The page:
No counter-arguments were received. The Board has thus, again, no reason to deviate from its provisional opinion, which is confirmed herewith (see also the reasons below), noting moreover that the respondent had given no supporting arguments for any of its auxiliary requests nor indeed any substantiation of these requests at all. As the patent cannot be maintained in any of the requested forms on this basis alone, remittal would serve no purpose.

5. Auxiliary requests 1 and 2 - Rule 80 EPC

5.1 In auxiliary requests 1 and 2, claim 2 as granted was amended in that its characterising portion was deleted and a different feature (not related to the one deleted) added. The amendment of claim 2 compared to the main request thus amounts to the addition of an entirely different dependent claim.

5.2 In its reply on page 7, item 2.4.1, appellant 1 objected that the filing of claim 2 in the first and second auxiliary requests was not based on the opposition proceedings and that the filing of additional claims was inadmissible. In its communication, the Board indicated that it considered this objection as being based on Rule 80 EPC (see the communication of the Board, item 5) and that it agreed with the objection.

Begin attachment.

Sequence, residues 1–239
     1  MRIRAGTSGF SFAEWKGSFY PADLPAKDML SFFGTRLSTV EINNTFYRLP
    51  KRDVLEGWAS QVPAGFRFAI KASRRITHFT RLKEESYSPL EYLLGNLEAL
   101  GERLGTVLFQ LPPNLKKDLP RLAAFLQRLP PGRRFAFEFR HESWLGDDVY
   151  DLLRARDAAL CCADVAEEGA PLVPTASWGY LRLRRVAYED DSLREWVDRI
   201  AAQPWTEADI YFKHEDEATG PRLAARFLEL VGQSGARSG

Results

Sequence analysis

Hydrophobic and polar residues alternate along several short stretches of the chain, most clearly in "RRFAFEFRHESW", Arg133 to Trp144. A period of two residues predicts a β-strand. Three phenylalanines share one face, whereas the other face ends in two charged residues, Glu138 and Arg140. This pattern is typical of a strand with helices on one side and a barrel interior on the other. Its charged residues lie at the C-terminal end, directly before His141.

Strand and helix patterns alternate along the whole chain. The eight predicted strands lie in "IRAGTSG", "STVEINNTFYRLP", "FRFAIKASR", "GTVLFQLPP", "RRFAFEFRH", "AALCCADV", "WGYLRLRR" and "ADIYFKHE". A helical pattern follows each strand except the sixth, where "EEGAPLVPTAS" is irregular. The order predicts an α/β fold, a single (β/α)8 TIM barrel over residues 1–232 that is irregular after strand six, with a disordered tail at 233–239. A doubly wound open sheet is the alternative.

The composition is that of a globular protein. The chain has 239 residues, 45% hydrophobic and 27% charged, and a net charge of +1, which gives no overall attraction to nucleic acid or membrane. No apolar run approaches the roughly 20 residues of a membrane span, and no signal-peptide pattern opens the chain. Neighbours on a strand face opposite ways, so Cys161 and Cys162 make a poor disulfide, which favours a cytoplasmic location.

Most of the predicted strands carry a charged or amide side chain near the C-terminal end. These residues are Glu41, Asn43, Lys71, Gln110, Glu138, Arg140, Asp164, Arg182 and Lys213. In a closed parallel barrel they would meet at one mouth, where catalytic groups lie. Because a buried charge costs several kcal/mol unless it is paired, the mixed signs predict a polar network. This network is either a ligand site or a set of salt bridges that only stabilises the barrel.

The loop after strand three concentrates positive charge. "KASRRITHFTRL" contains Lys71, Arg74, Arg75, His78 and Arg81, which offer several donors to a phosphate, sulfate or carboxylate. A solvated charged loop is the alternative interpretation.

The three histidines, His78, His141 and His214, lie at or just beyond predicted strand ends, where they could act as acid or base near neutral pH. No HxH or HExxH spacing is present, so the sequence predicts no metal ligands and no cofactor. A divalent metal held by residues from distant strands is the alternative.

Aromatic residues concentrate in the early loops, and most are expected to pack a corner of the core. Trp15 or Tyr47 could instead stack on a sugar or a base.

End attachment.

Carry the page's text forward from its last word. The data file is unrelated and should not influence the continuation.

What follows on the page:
5.3 Rule 80 EPC stipulates that the claims of a granted patent may be amended, provided that these amendments are occasioned by a ground for opposition.

5.4 Adding new dependent claim 2 in auxiliary requests 1 and 2 is not directed to overcoming a ground for opposition with regard to claim 1 of the main request, as such an addition does not change the claimed subject-matter in its broadest scope, which is defined in independent claim 1. If the respondent intended to overcome an objection in view of dependent claim 2 as granted (which is anyway not apparent from the written submissions in the opposition proceedings), it would have been sufficient (i.e. as an appropriate and necessary amendment) to submit a request with claim 2 deleted.